The result, says Dawkins, is a mindset which can justify the murder of a doctor like Dr. Barnett Slepian who carries out abortions on the grounds that he is destroying a being created in God's image! There are websites in the USA which openly advocate the murder of doctors who carry out abortions.

It is easy for a British audience to ridicule this kind of thing in the United States but the government’s proposals for education will include the takeover of swathes of the education service by organisations of the religious right. More than half of New Labour’s City Academies are to be run by far-right evangelists

Evolution will be out. The “one-sided cult of Darwin” will be replaced with a more rounded view in which the creation of the Earth in six days is taught as an equivalent theory.

Presumably the biblical view in 2 Chronicles, chapter 4 that Pi is equal to 3, will be given equal prominence with the godless Mathematical view which just happens to correspond with reality!

Physicist and Nobel prizewinner Stephen Weinberg describes religion as an insult to human dignity. 'Without it,' he says, 'you'd have good people doing good things and evil people doing evil things. But for good people to do evil things, it takes religion.'

Dawkins programs on Channel 4 are a valuable contribution to the debate and very timely in the light of the crusade against science being mounted by the religious right.

I noticed there were not many adverts in the breaks in the program: one wonders if the pure Christian souls were trying to use the power of mammon.

Monday, January 16, 2006

Why is "selection" a dirty word?

A thread on the TES website has the title "Why is 'selection' a dirty word." This kind of formulation, "why is profit a dirty word" or "it's not racist to hate black people" is becoming increasingly common with the Daily Telegraph readership and it bespeaks a certain whining tone. "Oh everybody picks on me because of my sensible right-wing views. It's not fair....etc"

One aspect of the inefficiency of the 11+ is the fact that there is a lot of change on the borderline between the ages of 11 and 16. If you use a test to sort the metaphorical sheep from the goats at age 11 then about tenpercent of your sheep will be with the goats, so to speak.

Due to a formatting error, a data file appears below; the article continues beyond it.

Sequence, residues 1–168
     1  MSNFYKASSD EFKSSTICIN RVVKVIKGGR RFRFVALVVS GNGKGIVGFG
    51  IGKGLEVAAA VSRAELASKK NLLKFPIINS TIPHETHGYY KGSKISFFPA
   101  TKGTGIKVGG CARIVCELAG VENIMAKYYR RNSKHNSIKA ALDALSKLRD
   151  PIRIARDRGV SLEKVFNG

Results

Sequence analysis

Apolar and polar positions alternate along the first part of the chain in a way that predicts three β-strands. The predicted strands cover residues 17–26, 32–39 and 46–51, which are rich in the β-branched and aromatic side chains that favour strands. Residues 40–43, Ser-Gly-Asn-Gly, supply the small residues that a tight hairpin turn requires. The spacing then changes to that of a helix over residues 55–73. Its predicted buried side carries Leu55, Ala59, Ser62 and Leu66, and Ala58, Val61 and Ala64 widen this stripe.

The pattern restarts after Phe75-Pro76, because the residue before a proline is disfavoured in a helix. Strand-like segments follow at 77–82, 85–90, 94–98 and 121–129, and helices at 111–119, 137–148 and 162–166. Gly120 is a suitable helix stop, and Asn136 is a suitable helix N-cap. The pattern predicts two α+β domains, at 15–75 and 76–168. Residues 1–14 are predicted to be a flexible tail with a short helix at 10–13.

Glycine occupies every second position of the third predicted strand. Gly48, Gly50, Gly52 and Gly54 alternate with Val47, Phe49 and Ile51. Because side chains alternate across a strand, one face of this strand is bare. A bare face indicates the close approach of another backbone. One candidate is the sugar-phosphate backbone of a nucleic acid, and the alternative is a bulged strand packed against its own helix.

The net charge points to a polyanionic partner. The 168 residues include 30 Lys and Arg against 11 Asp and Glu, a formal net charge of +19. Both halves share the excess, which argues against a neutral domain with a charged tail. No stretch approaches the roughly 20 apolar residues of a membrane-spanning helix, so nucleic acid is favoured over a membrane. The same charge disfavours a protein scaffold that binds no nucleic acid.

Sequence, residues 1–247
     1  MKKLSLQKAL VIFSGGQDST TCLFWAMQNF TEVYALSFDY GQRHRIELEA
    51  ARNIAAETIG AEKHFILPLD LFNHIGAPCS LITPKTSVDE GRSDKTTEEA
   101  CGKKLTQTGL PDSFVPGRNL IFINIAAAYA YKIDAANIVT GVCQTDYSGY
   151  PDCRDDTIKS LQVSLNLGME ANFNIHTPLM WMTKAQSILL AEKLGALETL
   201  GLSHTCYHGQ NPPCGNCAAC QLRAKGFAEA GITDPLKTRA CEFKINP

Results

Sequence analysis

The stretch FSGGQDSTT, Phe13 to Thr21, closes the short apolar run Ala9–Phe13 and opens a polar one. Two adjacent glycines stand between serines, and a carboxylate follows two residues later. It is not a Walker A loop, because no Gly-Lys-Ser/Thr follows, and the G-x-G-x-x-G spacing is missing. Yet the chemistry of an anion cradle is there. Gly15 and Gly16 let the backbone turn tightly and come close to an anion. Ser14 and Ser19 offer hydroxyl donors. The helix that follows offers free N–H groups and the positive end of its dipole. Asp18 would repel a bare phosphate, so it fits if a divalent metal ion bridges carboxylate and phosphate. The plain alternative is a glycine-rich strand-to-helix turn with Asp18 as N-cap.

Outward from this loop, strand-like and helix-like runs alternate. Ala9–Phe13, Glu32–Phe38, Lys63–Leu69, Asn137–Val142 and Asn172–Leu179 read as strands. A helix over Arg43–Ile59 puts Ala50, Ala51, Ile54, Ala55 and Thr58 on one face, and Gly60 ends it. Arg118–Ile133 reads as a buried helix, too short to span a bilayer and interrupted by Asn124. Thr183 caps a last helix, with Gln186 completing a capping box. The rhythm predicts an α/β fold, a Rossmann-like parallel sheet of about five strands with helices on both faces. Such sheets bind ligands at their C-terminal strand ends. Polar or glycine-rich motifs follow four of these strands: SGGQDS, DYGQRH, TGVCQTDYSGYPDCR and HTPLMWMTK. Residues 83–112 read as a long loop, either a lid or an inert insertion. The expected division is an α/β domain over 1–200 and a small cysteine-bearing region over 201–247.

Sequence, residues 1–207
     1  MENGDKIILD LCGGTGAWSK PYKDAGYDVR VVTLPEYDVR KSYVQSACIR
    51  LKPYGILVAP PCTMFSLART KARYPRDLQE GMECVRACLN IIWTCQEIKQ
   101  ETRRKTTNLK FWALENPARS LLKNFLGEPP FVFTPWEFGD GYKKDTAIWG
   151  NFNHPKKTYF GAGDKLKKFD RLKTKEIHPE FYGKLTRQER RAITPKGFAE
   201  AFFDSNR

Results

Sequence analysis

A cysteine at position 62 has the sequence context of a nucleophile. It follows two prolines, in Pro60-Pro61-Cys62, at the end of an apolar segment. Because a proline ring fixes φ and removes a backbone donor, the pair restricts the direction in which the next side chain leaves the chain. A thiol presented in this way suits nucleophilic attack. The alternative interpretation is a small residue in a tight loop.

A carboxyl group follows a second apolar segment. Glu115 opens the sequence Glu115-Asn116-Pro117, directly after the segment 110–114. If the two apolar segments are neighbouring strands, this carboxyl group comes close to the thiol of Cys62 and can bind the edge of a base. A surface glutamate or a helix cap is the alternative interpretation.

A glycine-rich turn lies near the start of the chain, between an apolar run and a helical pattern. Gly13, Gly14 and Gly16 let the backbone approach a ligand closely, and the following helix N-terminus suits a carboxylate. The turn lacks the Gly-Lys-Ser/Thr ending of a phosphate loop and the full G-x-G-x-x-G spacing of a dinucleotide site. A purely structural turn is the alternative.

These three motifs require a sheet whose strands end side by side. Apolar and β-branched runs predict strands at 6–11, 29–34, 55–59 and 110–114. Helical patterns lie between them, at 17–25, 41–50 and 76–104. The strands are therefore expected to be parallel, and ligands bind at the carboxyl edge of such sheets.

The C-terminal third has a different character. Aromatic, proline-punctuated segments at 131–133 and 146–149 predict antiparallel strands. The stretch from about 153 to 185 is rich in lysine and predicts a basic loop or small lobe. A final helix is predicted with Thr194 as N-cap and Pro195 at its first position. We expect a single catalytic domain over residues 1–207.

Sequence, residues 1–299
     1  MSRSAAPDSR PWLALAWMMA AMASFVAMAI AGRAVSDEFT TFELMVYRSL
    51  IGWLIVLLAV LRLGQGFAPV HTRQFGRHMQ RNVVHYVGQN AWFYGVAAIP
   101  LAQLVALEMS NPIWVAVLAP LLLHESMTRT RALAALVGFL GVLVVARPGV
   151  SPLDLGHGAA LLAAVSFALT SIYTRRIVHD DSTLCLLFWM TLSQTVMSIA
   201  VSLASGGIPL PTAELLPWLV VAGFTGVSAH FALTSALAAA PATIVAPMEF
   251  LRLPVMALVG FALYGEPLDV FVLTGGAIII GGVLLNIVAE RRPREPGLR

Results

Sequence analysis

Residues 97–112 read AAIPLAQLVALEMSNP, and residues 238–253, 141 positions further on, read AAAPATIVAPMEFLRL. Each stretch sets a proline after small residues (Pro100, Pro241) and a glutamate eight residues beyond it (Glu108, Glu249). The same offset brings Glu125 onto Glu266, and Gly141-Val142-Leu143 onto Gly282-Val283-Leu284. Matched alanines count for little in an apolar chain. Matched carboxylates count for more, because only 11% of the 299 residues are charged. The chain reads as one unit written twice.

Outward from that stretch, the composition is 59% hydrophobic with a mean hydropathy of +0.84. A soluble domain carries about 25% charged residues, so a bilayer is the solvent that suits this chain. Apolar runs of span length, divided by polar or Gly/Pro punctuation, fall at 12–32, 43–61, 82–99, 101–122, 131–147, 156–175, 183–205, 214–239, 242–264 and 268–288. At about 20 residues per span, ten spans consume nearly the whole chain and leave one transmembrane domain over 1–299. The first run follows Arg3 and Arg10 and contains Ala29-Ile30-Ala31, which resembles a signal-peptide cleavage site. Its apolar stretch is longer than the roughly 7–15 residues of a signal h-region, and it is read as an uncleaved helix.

Another is that intelligence testing itself is a flawed and questionable method with ethnic and class bias built into it.

And another is that whatever method of selection you use, I do not envisage teachers queueing up to teach in Secondary Modern or equivalent schools. Do they Daily Telegraph readers want Grammar schools back so you can work in a secondary modern school or so that their children can go to one? Or is it because they think working in a grammar school might be nice and perhaps their children might benefit from a grammar school education?

Thursday, January 12, 2006

Guantanamo Doctor

Today, Friday 13th, Dr David Nicholl informs me that lawyers
for some of the Guantanamo detainees (Allen & Overy) are asking the San
Diego Superior Court to compel the Medical Board of California to initiate
an investigation that Dr. John Edmondson (the doctor in charge of
Guantanamo) is engaged in unprofessional conduct.

He says "I believe this case is extremely important and essentially boils down to
whether the US medical establishment will be prepared to investigate serious
torture allegations or are US military doctors beyond the rule of law in
Guantanamo, just like the detainees?"

Tuesday, January 10, 2006

Beaten to death

I received this from Jackie Chase in Brighton:
Criminal Charge Dropped Over Afghan Beating Deaths

January 8, 2006

In December, 2002, Mullah Habibullah and a man named Dilawar died while being held for interrogation at Bagram Airbase in Afghanistan. Their deaths were ruled homicides, caused by blunt force trauma. In other words, they were beaten to death.

An investigation ensued but the military would not release the details. Subsequently it was revealed that both died while shackled to the ceiling of their cells, after repeatedly being kneed in the legs. (More details of their beatings and deaths are below.)